By David Eisenstadt
MAY 2005
“Go get ’em, No. 1!” barks baseball icon Willie Horton as I leave the on-deck circle and make the short — yet long — walk to the batter’s box. I’d just finished a batting clinic with Horton, one of the greatest Tigers ever, and I’m now standing at home plate with a wooden Louisville Slugger on my shoulder for the first time in 42 years. The eyes of everyone in the ballpark are upon me. It feels just like standing at the first tee with scratch golfers scrutinizing my drive. What pressure!
Facing a pitcher throwing about 65 mph, I was soon behind on the count: one ball, two strikes. Frozen in the batter’s box, I reminded myself of Horton’s mantra: “Get comfortable, dig in, figure out the strike zone, get ready, relax, then make contact.” Easy for you, I thought.
As fate would have it, the next three pitches were balls, and I quickly trotted to first base. “Way to go, Eisenstadt!” Horton yelled.
At that moment, baseball fantasy camp became reality for me. Knowing my passion for the game (I play on both fast-pitch and slow-pitch softball teams), my family decided a week away from a Canadian winter playing hardball with some of the game’s greats would be a great way to celebrate my 60th birthday. They were right. What some might call executive downtime was, for me, really uptime and upbeat.
And it didn’t matter that I didn’t grow up listening to Tigers Radio. Although 24 of the 30 big-league ball teams offer fantasy camps, the Toronto Blue Jays aren’t one of them, so I considered other options. Realizing I’d be the first Eisenstadt to wear
Tiger blue since left-handed pitcher Harry Eisenstat in 1939 made Detroit an easy choice.
For one glorious week, I’d be enmeshed in a baseball routine not unlike that of the pros: in uniform by 7:30 am, followed by stretching, then batting and catching clinics, plus one or two games a day. The week would culminate in the dream of a lifetime: competing against the old pros.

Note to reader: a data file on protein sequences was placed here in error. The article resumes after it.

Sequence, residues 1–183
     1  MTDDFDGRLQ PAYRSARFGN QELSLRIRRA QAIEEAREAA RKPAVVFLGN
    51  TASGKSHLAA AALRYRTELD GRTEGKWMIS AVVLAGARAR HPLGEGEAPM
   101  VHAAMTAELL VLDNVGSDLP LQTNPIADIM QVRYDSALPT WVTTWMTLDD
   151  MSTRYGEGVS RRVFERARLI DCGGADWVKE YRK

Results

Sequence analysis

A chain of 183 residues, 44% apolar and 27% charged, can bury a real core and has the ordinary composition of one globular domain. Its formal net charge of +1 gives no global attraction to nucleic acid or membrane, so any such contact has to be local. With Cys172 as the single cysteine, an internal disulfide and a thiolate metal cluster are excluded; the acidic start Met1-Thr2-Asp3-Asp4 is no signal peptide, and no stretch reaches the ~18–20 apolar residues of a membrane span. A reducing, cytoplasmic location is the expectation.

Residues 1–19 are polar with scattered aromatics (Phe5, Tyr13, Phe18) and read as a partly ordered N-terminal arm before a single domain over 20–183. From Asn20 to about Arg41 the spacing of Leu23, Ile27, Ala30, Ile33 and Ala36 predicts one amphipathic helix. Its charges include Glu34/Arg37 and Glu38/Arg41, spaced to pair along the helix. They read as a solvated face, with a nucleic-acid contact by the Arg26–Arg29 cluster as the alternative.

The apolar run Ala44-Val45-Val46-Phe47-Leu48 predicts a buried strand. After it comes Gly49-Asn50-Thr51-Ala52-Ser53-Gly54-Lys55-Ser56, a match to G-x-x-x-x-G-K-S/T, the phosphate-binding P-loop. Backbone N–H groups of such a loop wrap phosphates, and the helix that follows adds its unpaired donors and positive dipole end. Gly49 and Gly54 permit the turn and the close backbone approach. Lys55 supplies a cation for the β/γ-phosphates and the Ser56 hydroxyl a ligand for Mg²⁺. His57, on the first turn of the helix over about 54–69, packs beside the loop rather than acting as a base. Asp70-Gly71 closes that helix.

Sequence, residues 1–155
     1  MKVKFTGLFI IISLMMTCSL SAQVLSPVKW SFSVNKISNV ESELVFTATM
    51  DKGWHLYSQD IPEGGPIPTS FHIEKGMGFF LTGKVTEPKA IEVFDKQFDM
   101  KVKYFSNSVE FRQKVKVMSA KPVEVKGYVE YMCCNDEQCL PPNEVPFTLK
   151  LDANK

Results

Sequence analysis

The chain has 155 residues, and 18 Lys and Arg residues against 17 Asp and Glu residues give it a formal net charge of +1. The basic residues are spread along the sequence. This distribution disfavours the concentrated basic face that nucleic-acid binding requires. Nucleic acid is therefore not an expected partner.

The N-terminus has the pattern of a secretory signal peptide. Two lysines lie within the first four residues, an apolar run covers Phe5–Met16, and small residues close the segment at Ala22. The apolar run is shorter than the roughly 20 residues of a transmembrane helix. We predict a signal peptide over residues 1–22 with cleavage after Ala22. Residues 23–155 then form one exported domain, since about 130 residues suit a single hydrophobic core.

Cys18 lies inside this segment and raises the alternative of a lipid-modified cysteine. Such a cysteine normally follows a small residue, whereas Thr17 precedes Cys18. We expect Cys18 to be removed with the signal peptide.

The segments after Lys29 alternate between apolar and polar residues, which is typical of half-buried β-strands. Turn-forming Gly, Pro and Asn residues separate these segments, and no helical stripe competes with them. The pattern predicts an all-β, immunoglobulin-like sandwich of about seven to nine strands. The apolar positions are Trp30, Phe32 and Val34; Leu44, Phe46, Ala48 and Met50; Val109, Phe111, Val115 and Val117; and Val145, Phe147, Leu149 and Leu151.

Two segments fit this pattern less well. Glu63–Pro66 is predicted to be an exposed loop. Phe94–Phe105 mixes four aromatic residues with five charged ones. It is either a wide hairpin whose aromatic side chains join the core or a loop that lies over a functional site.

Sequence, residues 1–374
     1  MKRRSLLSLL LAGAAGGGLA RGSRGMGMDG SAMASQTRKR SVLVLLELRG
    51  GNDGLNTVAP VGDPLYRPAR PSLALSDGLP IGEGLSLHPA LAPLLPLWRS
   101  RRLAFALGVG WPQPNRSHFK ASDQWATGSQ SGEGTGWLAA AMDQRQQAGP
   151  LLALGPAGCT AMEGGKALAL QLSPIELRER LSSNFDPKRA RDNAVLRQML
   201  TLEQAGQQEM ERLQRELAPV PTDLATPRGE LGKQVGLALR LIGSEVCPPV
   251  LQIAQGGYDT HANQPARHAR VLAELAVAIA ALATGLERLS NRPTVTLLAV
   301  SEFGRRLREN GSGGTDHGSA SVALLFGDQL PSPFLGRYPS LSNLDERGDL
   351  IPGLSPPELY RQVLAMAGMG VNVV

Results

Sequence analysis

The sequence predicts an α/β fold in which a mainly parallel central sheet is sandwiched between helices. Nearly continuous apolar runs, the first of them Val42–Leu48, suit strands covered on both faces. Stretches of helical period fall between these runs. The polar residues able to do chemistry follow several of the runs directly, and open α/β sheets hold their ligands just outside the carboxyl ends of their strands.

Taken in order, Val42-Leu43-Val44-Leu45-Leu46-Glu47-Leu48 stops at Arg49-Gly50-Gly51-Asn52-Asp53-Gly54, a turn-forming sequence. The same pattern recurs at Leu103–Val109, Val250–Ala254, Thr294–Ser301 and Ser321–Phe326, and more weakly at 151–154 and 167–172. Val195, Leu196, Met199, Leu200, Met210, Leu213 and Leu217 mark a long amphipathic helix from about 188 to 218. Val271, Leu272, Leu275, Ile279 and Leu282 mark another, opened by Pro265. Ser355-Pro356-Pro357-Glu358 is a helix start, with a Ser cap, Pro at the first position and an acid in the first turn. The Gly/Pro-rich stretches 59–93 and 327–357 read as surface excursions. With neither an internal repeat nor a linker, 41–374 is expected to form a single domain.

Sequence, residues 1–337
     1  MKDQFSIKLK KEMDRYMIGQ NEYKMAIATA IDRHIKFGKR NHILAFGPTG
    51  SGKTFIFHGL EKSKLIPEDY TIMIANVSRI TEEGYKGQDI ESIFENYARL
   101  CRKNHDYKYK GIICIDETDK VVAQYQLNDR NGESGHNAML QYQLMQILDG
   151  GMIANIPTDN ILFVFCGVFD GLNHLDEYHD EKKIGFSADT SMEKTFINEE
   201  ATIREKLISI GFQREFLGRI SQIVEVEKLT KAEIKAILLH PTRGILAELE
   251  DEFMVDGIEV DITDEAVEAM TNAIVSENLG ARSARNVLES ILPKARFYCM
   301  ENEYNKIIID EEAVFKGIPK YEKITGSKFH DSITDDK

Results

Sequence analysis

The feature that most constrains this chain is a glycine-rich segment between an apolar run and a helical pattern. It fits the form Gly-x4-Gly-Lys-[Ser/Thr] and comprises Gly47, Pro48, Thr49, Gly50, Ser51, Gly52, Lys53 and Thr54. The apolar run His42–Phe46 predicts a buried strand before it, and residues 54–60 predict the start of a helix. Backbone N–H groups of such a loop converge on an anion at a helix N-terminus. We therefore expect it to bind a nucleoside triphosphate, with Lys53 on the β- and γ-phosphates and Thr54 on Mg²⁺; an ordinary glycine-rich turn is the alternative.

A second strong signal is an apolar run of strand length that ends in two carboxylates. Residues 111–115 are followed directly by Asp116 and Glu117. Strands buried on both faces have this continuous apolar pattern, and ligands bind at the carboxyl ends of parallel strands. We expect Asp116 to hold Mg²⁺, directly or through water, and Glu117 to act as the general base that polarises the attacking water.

In preparation, I made three commitments: get into better shape to reduce my chance of getting hurt; not play like a rookie; and have fun. Here’s the highlight reel from a week at the Detroit Tigers fantasy camp.
Today I arrive in Tiger Town, the spring training grounds of the American League Tigers in Lakeland, Fla., a 30-minute drive from Tampa. Wow. The complex boasts five fields, training, dressing and equipment rooms, a cafeteria, meeting rooms, batting barn and lots of green grass on which to toss balls and shag flies. The crown jewel of the facility is Joker Marchant Stadium, where the Tigers play their spring training “home” games. It’s perfect.
In being here, I join 89 other “kids” (average age: 49) who are eager to play ball, including one 84-year-old, five women and three father-son duos. Our backgrounds range from entrepreneurs and professionals to teachers and car dealers. Many are serious about playing ball, veteran campers with five, 10 and 19 years’ attendance under their belts. Most of them are in reasonable shape.